The hosts of “Fox and Friends,” Fox News Channel’s morning show, recently blasted arts and crafts maker Crayola for manufacturing a special brand of markers the company says are ethnically insensitive.
The brand’s Multicultural Markers feature many different hues of skin tones, unlike its traditional sets.
On April 7, host Brian Kilmeade introduced the story and news contributor Michelle Malkin criticized the markers.
“It’s just goofy, I have to say that I am proud to say that I say I survived my childhood without ,” Malkin said on the show. “I was fine with ‘Burnt Sienna’ and I think really most elementary school kids are fine with pink or blue.”
Malkin then suggested that the specific special brand is really an underlying method of capitalizing off of liberal parents, rather than appealing to children.
“I understand that this is pandering more to liberal parents than it is to kids who really have no need for such things,” she added. “The only color that this really is about is green—it’s good, smart savvy politically-correct marketing by Crayola.”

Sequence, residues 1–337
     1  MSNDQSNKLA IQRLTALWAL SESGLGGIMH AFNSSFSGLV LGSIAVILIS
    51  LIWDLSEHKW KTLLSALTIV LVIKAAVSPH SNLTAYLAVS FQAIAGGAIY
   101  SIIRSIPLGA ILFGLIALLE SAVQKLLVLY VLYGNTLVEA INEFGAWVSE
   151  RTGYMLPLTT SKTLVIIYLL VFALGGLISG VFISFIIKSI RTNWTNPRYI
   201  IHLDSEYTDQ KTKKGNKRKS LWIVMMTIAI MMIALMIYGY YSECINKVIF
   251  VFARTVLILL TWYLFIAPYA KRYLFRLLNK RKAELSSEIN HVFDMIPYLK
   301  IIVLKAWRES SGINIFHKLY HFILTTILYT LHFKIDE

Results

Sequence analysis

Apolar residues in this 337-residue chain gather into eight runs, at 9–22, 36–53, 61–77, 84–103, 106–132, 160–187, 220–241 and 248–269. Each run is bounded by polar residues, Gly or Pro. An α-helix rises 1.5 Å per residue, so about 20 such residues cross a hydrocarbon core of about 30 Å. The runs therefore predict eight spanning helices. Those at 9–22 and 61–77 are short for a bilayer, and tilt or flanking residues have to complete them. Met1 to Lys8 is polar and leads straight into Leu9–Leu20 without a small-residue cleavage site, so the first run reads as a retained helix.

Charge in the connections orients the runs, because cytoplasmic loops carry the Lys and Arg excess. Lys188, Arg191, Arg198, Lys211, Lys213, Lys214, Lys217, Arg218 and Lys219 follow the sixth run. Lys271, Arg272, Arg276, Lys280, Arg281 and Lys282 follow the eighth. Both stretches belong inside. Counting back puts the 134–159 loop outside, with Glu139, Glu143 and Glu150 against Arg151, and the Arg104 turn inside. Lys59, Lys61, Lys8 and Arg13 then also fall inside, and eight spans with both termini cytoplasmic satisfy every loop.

Chelsea Rudman, blogger for Media Matters, questioned the segment’s recent feature of the markers and claimed the special brand had been around for years.
Crayola’s Web site supports Rudman’s claims as a timeline of the company’s products shows that the multicultural line was indeed introduced in 1992.
Rudman buttressed her point about the line’s significance with a 1992 New York Times article published at the onset of the multicultural line’s release.
According to the article, teachers and children in Maryland’s Montgomery County school district were tired of seeing the Rev. Dr. Martin Luther King Jr. being drawn with a black crayon and as a result, Binney & Smith, manufacturers of Crayola, released a special set of skin-tone crayons.
“Teachers wanted children to color drawings of themselves to reflect how they think they look,” Mark O’Brien, a spokesman for the company told the Times upon the multicultural brand’s release.
According to the blog Ethan Non Sequitur, the brand was spoofed last year by a circulating Facebook picture at the onset of the passing of the Arizona immigration bill, which charges misdemeanors to those lacking immigration documents or proof of citizenship.
In the picture, the seven dark hues of crayons are highlighted with a headline saying, “We need to see your proof of citizenship,” while the lone white crayon is headed with “Welcome to Arizona, Have a nice day.”